kind of superintendent that sat in his office and dispatched everyone else out to do things,” said Kevin. “As the town grew, there were more projects going on, and he made the valiant effort to get out there and check on those work sites. And there were countless times when he would be called out in the middle of the night because there was a traffic light out or a water main break, and he and Bob Farkas (also on the town public works staff) would both be out there.” No job or detail was considered insignificant. One example was Stan’s care of the Town Cemetery. He would personally see that it was locked up night, and the flag lowered and put away. He also assumed responsibility for uncovering the buried markers, so that when a new grave was dug, it would be in the right place. “Often I would go with him to the cemetery, or to the reservoir to check the water level,” said Kevin. “Probably the most bonding time I had with my Dad was when he was doing these little things…. he really loved this town.” Then, as now clearing town streets during and after snowstorms presented significant challenges. “In the middle of the night, Dad would get a phone call, telling him it was snowing,” said Kevin. “He would call the men in, but some of them lived out of town and it took them some time to get in. We lived within spitting distance of the town shop, so Dad would get up, go over there, start up one of the trucks and go out and hit all of the intersections and traffic lights – and Hospital Hill – before any of the others reported for work. “Sometimes he would let me ride with him, and he would let me push the button that dumped the sand or salt from the back of the truck onto the roadway.” Kevin added. “He would say ‘Wait – wait – now, push it!’ Hospital Hill was the best… I would push the button all the way up the hill.” Not everyone appreciated the effort. “One time, someone wrote a letter to the local newspaper complaining that they 20

hadn’t gotten their street (snow) plowed as quickly as it should have been, and there was some suggestion that Elm Street, where we lived, had been plowed before their street,” recalled Kevin. “After that, Dad made sure that Elm Street was the last street plowed.” Every few years, Stan got a new town truck, which was always called “Truck 10,” and the older truck relegated to lesser service. Stan’s last truck, a blue Chevrolet S-10, was recently sold, after its last assignment to the town sewage treatment plant. “I never see a town truck without thinking of my Dad,” said Kevin. ‘The only time he missed work’ After suffering a heart attack in February 1982, Stan had quintuple bypass surgery. He became serious about his health, but by July 1989, he was ready to retire from Public Works.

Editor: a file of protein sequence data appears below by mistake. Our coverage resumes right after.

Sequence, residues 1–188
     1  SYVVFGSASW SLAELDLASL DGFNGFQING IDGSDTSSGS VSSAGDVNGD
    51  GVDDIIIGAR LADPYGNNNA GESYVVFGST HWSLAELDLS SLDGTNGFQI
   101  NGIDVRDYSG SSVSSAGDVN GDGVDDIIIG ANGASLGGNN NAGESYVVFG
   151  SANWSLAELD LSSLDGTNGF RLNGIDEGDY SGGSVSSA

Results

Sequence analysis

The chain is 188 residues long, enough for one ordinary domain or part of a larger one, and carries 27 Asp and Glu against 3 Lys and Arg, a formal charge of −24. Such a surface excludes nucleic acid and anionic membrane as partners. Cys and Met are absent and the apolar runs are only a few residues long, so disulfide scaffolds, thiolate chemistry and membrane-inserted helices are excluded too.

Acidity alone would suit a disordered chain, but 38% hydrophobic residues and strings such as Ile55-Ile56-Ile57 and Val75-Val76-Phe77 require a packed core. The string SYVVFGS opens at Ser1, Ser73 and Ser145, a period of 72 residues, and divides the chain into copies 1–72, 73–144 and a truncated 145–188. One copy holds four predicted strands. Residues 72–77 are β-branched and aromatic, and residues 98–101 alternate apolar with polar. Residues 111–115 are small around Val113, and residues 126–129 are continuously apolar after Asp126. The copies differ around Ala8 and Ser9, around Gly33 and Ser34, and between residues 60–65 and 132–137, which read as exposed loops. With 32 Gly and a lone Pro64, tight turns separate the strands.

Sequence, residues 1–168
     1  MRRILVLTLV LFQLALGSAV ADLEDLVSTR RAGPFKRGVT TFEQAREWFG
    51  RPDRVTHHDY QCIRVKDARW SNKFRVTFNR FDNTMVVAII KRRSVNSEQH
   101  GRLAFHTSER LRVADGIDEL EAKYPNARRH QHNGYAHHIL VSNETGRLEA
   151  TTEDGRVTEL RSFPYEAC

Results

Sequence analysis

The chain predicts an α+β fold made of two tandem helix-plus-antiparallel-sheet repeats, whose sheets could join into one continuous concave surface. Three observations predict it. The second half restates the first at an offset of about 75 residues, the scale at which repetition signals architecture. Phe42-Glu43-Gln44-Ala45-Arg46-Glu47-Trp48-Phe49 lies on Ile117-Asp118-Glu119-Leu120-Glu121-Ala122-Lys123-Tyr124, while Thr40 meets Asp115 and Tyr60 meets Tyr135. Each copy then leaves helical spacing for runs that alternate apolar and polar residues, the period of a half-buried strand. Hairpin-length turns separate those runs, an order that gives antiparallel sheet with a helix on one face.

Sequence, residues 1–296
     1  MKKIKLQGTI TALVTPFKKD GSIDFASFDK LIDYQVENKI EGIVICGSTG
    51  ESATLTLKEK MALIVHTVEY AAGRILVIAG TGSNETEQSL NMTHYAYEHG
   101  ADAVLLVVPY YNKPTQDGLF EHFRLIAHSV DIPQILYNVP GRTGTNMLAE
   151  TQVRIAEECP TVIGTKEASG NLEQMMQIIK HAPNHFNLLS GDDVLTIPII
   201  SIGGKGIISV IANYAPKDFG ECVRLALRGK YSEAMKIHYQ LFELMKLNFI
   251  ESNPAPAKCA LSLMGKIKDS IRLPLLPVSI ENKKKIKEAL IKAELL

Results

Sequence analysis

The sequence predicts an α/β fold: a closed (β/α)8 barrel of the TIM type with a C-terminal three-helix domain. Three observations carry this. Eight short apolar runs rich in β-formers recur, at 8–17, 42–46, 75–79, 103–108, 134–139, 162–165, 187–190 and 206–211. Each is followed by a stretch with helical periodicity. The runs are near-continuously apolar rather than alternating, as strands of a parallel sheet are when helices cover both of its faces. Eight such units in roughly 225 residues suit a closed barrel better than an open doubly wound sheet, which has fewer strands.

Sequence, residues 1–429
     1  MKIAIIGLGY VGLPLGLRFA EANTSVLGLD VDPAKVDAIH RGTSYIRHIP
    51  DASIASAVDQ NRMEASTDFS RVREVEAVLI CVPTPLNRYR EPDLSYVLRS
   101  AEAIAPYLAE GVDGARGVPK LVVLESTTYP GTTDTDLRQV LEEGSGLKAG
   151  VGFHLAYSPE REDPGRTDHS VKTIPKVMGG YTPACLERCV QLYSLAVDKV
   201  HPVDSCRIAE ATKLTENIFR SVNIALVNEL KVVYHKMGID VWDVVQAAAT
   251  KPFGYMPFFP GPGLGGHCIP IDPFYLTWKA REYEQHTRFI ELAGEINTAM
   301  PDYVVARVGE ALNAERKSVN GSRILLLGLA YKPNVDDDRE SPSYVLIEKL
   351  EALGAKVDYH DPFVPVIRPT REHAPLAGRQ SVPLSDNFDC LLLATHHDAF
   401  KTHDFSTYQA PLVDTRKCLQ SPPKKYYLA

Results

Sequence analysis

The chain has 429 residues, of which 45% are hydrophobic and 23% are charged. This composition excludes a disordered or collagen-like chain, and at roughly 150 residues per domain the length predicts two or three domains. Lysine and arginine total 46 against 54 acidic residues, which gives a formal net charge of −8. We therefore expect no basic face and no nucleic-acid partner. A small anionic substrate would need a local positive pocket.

He continued with the town for about two years, serving as a building site inspector. From there, Stan took a part-time job in the Maintenance Department of Fauquier Hospital, but he continued to have heart problems, with a “heart scare” in 1995 resulting in stents, and a second bypass in March 1996, according to son Kevin. “After that, he had to take it easier at his hospital job,” said Kevin. “They gave him a job inventorying supplies on a computer – a totally new thing for him, but he learned how to do it.” On a Monday morning in late August 1999, Stan was feeling poorly, and called in sick. By the following Saturday Aug. 28, 1999 – he died. “Dad said he would never retire, and the only time he missed work was that last week before he died,” said Kevin. Warrenton Lifestyle


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Fauquier & the Arts

Elisabeth von Trapp Concert Fauquier Community Theatre April 28, 2012 at 7 pm Elisabeth von Trapp is the granddaughter of Maria von Trapp and Baron von Trapp whose story inspired The Sound of Music.